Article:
Correctly Fitting Your Dog with a Harness

Correctly Fitting Your Dog with a Harness

Various Types of Dog Harnesses

If you want to learn how to adjust a dog harness to fit properly, the internet can be a source of confusion. The reason is there are different types of dog harnesses available on the market today.

Each of the types has different designs necessitating different ways to achieve an optimal fit. However, a dog that looks comfortable and free while properly wearing a harness demonstrates how a dog harness should fit.

Before you dwell on the steps and procedures for achieving a good fit, you need to know what options you have for a dog harness.

This article lists five of the common types of dog harnesses as well as their advantages and disadvantages to help you decide what kind you should buy.

1. Back-Clip Harness

The back-clip dog harness is one of the most common and easy to use harnesses because most dogs find it comfortable for walking. It is great for small breeds of dogs which are more prone to neck injuries caused by collars. As the name suggests, the leash attachment is found on the top of the dog’s back.

Pros:

  • Easy to put on and take off
  • Comfortable for most dogs to wear
  • Leash attachment on the back does not tangle under the front legs as is the case with collars

Cons:

  • Still not enough to discourage pulling
  • Offers little control over the dog’s behavior

2. Front-Clip Harness

The leash attachment of the harness is over the dog’s chest. It still removes pressure from the neck like most harnesses do. A lot of dog trainers choose this over the first type because it offers greater control and lessens the dog’s pulling reflex. The front-clip harness can more easily lead the direction of the dog as you walk with it.

Pros:

  • Offers greater control over the dog
  • Discourages pulling or jumping and other poor leash manners
  • Provides directional steering or leading

Cons:

  • Not ideal for dogs with serious behavior issues like aggression
  • Leash can tangle under the dog’s front legs

3. Tightening Harness

This type of harness is effective to discourage pulling. Whenever your dog pulls the leash, the harness adds pressure, making your pet feel uncomfortable.

This will cause the dog to slow down or stop pulling the leash. You will also notice that the leash will become slack. This type of dog harness is especially good for training an aggressive pet. However, it could also cause your dog sharp pain.

That is why it is always important to check that the tightening harness adds pressure gently and not painfully for your dog. Otherwise, it may only increase aggression.

Pros:

  • Effective in training most dogs, teaching them not to pull the leash when you are walking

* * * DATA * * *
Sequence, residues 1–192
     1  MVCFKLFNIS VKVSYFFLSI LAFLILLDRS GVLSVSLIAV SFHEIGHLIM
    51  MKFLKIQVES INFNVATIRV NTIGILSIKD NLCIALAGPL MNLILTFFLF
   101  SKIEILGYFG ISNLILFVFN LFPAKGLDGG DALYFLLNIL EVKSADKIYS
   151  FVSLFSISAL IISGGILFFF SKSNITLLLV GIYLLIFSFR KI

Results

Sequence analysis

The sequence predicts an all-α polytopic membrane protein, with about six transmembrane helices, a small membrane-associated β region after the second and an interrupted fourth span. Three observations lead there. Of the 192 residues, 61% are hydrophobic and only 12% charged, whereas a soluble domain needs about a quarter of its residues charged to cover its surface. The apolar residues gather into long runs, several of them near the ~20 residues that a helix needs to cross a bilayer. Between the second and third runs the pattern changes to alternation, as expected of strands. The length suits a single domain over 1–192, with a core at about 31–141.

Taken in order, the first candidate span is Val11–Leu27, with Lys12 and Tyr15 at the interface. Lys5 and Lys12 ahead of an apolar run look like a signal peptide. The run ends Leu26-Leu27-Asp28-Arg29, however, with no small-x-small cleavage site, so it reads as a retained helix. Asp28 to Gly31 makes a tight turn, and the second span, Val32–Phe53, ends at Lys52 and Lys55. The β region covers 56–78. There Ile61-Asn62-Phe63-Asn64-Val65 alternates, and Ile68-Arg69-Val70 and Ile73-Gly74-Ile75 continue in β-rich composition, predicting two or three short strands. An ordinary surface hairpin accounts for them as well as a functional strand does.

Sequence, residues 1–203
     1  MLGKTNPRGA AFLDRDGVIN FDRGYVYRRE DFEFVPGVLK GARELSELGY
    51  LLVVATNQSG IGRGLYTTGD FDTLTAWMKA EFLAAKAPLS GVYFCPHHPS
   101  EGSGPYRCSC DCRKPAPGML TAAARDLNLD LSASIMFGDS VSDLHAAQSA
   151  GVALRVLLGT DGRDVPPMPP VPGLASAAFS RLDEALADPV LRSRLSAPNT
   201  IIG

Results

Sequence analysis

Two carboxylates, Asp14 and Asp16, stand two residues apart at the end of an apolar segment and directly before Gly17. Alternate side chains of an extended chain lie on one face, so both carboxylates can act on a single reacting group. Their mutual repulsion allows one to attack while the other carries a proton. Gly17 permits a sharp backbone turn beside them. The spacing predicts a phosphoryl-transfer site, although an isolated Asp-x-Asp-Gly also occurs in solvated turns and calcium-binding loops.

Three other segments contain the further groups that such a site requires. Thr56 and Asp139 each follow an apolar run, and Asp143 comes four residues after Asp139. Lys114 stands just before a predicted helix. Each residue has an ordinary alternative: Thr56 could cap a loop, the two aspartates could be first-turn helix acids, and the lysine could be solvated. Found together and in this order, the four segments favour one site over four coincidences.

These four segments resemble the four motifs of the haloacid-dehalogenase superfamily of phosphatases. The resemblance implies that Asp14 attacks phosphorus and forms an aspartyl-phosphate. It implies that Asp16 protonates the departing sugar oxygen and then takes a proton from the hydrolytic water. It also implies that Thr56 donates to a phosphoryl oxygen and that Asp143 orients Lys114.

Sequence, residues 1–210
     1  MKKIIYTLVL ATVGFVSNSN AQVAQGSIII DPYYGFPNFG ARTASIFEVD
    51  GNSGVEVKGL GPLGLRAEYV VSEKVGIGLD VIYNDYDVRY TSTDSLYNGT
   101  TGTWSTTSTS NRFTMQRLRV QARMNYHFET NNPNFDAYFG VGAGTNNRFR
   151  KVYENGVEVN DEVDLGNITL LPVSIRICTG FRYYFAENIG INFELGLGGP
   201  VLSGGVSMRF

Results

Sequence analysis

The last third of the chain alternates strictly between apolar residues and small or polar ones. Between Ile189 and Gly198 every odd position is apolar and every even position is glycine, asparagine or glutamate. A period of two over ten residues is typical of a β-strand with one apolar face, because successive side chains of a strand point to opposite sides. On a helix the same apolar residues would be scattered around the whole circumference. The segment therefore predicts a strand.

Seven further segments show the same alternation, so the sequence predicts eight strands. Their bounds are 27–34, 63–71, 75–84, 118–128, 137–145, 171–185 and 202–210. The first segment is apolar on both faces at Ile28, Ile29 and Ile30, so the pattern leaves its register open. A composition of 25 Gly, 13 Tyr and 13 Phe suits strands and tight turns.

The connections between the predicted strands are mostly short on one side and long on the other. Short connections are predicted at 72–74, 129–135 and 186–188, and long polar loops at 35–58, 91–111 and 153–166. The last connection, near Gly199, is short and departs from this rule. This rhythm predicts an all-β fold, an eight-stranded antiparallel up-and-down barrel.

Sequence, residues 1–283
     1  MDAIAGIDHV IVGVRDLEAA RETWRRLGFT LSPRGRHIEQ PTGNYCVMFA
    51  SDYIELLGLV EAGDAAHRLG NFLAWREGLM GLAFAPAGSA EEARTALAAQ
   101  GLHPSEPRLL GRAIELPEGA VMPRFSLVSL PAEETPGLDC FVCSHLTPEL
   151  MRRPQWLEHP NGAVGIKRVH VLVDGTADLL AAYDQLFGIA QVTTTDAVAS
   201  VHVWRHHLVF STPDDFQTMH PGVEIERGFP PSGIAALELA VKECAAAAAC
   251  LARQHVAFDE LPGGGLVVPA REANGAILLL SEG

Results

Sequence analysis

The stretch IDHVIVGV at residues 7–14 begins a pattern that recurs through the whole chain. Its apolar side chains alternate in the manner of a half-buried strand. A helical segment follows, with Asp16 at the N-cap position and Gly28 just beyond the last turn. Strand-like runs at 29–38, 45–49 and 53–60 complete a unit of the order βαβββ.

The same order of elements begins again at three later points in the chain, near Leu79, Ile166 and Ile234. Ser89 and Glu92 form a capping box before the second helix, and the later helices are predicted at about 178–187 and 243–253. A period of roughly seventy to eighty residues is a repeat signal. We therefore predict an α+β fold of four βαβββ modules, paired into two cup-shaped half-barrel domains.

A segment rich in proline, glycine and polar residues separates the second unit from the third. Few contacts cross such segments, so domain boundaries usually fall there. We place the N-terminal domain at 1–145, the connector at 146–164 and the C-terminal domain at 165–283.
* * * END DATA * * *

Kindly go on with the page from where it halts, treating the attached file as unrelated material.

• Generally, they are easy to wear and take off

Cons:

  • May cause pain to smaller breeds of dogs
  • Too much pain can create negative behaviors

4. Lift Support Harness

A special kind of harness is made for older dogs and dogs who suffer leg injuries to help them walk, stand, etc. This harness supports dogs that cannot do the things that they used to on their own. Instead of carrying them, owners use this harness to lift the injured part of the body and assist them in getting in the car, climbing the stairs, and more.

Pros:

  • Generally easy to wear and available in different sizes
  • Safe to use and provides support to injured and old age dogs

Cons:

  • Some designs can cause discomfort to the dogs as it slides down to the hips

5. Two-point Connection

This type of dog harness is also great for training your dog. The two-point connection means you can attach two leashes at the same time; one on the chest and the one on the back of your dog. You can think of it as the front leash like a steering wheel for direction while the back leash is for brakes.

Pros:

  • Allows you to walk beside your dog as well as offers good communication from owner to pets

Cons:

  • Can be confusing to use for the first time
  • Leashes are prone to get tangled

How Does a Dog Harness Fit?

The general rule of thumb for fitting your dog with a harness is to slip two fingers in between the straps of the harness and the dog. The space allowance would be enough for your dog to feel at ease and comfortable while moving.

There are two ways to put a harness on your dog. They are either to slip the loops over the head and have the dog step through the arm holes, or to have the dog step over the straps into the harness.

Either way, it is recommended that you wait for your dog to be calm first before putting it on and to give him a treat to eat during or after you do it.

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